It’s hard enough being in pain, let alone figuring out what exercises are going to be good or bad for you! This article is aimed at showing you a few simple exercises for each body part and give you an idea of how you can get stringer and get on top of your pain!


There are a tonne of neck and shoulder exercises out there, but here are some of my favourites. 


Can be done with a resistance band or cable machine. Face-pulls work the majority or our upper back, shoulders and neck, so a brilliant bang for buck exercise. The aim is to start with two handles, and then bring your hands to either side of your head. So this is comprised of two movements – the first being a row and the second being external rotation of the shoulder. 


These are a simple, yet effective exercise for targeting the upper back and neck. There are a few variations, but to start with the simple shrug, simply grab 2 dumbbells (or something of the sort) and hold them at your sides, with straight elbows. Then maintaining that elbow position, bring your shoulders up to your ears and slowly return to the starting position. 

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So my go-to exercises for back pain relief is the cat-cow, get ready to embrace your inner yogi! 🧘‍♀️ 


Performed in a 4-point-kneel, the idea is to gently push your belly towards the floor (which is the cow part, 🐄 ) and then progress to arching the back towards the roof (which is the cat part, 🐱 ). Gently alternate between these two positions and work within your tolerable ranges. You can repeat this as much as you feel comfortable doing.


For strengthening the back I like to begin with the Bird-Dog 🐕 . This is a great exercise for gently introducing load to the back.

To perform this technique, begin in a 4-point kneel and then reach one-arm out in front of the body, then return to the starting position, and do the same with one-leg. You can then cycle through each limb and aim to hold for 5-seconds. 

To progress this exercise, aim to reach one-arm and the alternate leg out at the same time. 

For sets and reps – look at working through 10 repetitions of 5-second holds. Then up that in terms of repetitions.


This is one of my favourite exercises, and works a lot of areas at the same time, including the lower-back, hamstrings and glutes. This exercise is often demonised and also overly-complicated. But, I’m here to tell you that it is safe, when done correctly, and is a great way of developing functional strength. 

To do the deadlift, stand with your feet about shoulder width apart, and soft-knees (not locked out).

And the cue I often give is – aim to push your bum back as far as you can. In doing this, we are aiming to ‘hinge’ at the hips. For Simpsons fans – imagine the drinking bird that homer has. 

You should find that your trunk begins to flex forward, and your knees stay in the same position. 

To make this harder we then add in dumbbells in either hand, and the cue remains the same, but I often now add in – aim to place the dumbbells beside each foot.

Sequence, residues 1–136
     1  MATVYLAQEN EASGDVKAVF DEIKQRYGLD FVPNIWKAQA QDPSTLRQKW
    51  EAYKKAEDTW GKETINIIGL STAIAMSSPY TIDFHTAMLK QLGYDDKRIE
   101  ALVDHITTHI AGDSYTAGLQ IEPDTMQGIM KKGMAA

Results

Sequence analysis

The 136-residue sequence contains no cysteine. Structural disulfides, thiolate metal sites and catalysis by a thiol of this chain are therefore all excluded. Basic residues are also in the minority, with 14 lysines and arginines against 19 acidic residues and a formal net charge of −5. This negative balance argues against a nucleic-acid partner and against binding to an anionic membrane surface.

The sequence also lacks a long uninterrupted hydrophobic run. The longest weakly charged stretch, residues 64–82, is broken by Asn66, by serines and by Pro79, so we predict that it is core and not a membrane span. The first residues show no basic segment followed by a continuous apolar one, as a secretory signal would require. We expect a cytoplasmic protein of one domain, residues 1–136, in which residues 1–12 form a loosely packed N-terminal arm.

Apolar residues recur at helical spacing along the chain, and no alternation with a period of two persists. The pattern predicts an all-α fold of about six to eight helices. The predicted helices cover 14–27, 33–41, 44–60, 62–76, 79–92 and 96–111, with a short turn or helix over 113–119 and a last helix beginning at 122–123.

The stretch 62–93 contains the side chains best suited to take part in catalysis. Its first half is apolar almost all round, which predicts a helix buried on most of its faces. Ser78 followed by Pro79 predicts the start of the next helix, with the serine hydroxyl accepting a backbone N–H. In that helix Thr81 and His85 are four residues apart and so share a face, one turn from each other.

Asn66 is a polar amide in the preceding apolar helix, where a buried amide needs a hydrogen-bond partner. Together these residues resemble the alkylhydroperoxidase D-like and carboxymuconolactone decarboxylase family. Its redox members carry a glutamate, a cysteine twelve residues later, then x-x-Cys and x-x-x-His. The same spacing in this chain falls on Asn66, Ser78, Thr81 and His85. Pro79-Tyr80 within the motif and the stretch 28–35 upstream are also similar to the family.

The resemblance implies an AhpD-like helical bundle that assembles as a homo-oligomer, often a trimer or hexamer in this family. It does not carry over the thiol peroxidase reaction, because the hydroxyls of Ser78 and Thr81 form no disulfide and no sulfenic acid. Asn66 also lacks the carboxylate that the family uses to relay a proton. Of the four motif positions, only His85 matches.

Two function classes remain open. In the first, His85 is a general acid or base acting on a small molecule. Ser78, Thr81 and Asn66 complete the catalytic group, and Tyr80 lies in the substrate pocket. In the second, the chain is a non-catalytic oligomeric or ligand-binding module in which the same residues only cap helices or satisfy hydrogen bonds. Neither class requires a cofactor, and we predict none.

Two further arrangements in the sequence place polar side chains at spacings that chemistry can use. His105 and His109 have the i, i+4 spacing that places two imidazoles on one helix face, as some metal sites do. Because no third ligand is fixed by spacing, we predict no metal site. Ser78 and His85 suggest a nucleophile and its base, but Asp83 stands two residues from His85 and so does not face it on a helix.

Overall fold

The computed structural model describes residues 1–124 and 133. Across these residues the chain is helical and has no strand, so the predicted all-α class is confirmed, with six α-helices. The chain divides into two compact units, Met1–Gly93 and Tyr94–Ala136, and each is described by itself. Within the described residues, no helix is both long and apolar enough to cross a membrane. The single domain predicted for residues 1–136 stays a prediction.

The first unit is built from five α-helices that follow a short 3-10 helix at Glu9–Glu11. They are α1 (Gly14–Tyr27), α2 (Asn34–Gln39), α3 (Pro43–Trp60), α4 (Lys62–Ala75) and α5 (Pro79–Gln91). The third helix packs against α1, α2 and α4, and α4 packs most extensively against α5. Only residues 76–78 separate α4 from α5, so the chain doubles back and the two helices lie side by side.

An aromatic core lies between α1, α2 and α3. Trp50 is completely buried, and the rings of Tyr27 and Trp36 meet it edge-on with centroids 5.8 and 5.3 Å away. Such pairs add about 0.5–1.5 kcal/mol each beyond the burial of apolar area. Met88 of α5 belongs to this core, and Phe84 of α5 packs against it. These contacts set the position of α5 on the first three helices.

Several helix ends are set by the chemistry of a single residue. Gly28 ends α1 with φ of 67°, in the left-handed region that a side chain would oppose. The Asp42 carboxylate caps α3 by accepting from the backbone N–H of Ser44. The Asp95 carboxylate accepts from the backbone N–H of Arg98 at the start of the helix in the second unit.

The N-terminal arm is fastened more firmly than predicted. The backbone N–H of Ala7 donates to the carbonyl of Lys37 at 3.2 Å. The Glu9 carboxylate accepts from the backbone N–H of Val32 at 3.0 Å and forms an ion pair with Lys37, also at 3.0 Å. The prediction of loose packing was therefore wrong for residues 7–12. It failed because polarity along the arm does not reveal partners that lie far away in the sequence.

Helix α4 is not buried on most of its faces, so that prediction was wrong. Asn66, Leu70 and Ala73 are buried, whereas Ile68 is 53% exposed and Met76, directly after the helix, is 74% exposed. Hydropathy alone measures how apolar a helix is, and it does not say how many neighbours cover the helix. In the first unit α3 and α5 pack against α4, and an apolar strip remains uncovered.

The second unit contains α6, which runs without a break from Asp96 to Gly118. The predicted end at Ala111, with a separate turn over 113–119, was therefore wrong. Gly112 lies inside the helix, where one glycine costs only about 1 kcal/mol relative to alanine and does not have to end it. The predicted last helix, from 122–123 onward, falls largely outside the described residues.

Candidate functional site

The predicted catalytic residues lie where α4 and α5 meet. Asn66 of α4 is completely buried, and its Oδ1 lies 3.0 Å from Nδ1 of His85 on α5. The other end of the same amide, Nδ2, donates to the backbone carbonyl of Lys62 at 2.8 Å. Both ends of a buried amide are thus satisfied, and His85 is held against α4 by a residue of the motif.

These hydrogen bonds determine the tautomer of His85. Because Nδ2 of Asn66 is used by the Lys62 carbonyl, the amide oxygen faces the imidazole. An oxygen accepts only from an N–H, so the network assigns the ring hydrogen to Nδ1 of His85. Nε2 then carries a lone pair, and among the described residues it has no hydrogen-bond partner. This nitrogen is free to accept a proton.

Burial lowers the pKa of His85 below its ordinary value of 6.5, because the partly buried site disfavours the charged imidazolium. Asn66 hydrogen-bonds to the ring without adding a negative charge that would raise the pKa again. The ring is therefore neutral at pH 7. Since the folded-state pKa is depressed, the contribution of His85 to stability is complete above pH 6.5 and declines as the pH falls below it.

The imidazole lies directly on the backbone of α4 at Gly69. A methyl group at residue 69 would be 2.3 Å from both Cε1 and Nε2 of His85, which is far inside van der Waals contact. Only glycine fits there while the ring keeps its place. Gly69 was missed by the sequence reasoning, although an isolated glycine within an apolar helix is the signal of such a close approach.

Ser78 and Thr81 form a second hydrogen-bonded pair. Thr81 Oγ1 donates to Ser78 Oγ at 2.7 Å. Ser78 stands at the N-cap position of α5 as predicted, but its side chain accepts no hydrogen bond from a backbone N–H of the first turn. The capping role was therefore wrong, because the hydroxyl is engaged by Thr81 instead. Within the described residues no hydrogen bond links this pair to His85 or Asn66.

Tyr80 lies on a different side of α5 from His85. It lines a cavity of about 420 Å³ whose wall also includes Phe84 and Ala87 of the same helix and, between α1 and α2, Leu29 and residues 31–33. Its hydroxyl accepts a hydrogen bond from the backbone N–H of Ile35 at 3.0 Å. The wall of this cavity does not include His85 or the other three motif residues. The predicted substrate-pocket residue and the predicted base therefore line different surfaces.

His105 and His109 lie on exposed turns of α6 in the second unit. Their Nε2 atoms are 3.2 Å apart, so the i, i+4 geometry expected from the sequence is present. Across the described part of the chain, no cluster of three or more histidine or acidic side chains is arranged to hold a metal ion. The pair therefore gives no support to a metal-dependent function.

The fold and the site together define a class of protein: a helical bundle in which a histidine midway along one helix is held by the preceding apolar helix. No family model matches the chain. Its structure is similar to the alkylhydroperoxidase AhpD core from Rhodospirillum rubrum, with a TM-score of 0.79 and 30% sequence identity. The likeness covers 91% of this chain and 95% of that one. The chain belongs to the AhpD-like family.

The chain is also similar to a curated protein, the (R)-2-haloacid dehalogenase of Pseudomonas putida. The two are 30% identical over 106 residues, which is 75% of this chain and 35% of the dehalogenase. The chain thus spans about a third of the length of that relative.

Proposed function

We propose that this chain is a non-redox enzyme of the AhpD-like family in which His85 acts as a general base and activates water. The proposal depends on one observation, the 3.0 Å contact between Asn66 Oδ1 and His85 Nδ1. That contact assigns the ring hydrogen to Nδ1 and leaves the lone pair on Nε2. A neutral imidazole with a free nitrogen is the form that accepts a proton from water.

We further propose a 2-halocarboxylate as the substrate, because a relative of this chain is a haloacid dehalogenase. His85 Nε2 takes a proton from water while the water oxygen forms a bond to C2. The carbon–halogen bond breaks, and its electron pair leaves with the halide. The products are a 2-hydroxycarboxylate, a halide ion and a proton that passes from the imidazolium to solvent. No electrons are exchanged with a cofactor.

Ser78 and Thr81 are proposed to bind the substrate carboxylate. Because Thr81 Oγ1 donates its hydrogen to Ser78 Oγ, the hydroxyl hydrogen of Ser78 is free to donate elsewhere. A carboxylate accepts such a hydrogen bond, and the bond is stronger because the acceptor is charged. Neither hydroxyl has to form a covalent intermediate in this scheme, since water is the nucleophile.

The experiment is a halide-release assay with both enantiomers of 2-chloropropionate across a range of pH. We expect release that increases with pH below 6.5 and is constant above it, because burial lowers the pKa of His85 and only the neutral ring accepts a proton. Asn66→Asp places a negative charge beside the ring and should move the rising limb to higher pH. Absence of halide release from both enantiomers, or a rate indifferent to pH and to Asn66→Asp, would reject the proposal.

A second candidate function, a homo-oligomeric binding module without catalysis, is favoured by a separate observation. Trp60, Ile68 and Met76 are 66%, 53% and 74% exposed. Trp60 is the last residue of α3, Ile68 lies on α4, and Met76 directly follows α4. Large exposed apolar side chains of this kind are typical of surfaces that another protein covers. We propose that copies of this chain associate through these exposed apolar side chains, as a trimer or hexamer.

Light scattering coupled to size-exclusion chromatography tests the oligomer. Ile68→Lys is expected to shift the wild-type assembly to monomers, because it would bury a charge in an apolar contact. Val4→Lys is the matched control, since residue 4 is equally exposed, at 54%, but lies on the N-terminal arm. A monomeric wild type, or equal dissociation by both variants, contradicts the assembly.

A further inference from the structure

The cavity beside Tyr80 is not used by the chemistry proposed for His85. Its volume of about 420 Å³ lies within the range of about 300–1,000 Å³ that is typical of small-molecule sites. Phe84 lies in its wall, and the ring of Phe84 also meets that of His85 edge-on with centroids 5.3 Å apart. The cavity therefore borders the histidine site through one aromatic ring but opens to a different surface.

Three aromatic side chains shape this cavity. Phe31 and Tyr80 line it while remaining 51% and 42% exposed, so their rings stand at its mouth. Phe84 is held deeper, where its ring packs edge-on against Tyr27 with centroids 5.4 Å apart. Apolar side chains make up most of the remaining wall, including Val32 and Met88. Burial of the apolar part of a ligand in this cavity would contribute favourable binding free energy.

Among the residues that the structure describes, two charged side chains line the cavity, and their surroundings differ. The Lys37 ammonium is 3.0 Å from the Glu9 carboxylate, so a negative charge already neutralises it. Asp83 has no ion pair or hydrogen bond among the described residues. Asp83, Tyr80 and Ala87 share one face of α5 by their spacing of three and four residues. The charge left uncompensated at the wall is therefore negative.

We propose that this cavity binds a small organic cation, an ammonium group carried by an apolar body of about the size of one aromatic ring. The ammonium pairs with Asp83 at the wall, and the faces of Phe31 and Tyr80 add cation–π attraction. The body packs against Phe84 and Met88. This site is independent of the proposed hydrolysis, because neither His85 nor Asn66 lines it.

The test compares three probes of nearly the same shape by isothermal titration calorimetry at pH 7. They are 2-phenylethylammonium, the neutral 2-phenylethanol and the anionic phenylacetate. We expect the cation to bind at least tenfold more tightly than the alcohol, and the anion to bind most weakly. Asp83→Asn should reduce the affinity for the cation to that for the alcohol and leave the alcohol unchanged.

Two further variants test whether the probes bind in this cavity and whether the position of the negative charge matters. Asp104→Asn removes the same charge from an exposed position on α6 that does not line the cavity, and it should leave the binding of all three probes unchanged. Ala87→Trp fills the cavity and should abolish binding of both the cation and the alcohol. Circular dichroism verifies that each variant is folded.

To then progress, we add in a barbell. 



These are a simple, but effective exercise and can be progressively increased as you get stronger. To start this exercise, lay on your back with your knees bent and feet on the ground. Then simply push your hips towards the roof and aim to reach full extension, return to the ground and that’s one done!

To make this harder, simply try using one leg (with the other pointing in the air).


This is essentially a harder version of the glute bridge, and also allows you to add weight at the hips to get more gains!

To do this exercise, you’ll need to start with your upper back on a bench/chair etc. This exercise differs from the glute bridge as you push towards the roof, you will lift your body up too. Again as this gets easier, add weight to the hips, in the form of a dumbbell, barbell etc.


This is a great exercise for developing lateral hip and abdominal strength. To do this get into a side plank position, but I tend to have the bottom leg bent, so only the knee doing the work (ideally you want to have a straight line going from your shoulder to the knee). Come into a plank, by lifting the hips off the floor, then with the upper leg lift towards the ceiling and back to neutral. 



One of the big-dogs of all exercises! The squat works multiple muscle groups and is an essential in our day to day functions. 

There are multiple ways to do a squat and I’ll list a few of the simple progressions that I take people through: 

Wall Sits – simply rest against a wall with your feet out in front of you. Slide down the wall as far as comfortable and return to the starting position. 

Sit to Stands – Using a chair, couch or bed etc. stand in front of your chosen platform and simply sit down, then return to the staring position! This is a great way to develop your squat technique. 

Squats – Essentially the sit to stand minus the chair. Again, work in your tolerated ranges. You can begin to add weight either in front of you or on the shoulders. 


Whether you perform this on an actual leg extension machine, or with resistance bands or whatever other contraption you may have, this is a great way of developing knee strength.

Hopefully this guide has given you some ideas to begin your journey to a stronger body! As always these exercises are suggestions rather than a prescription, and you should check in with a health professional to see if they are suited to you!



James Brown 

The Feel Good Physio. 




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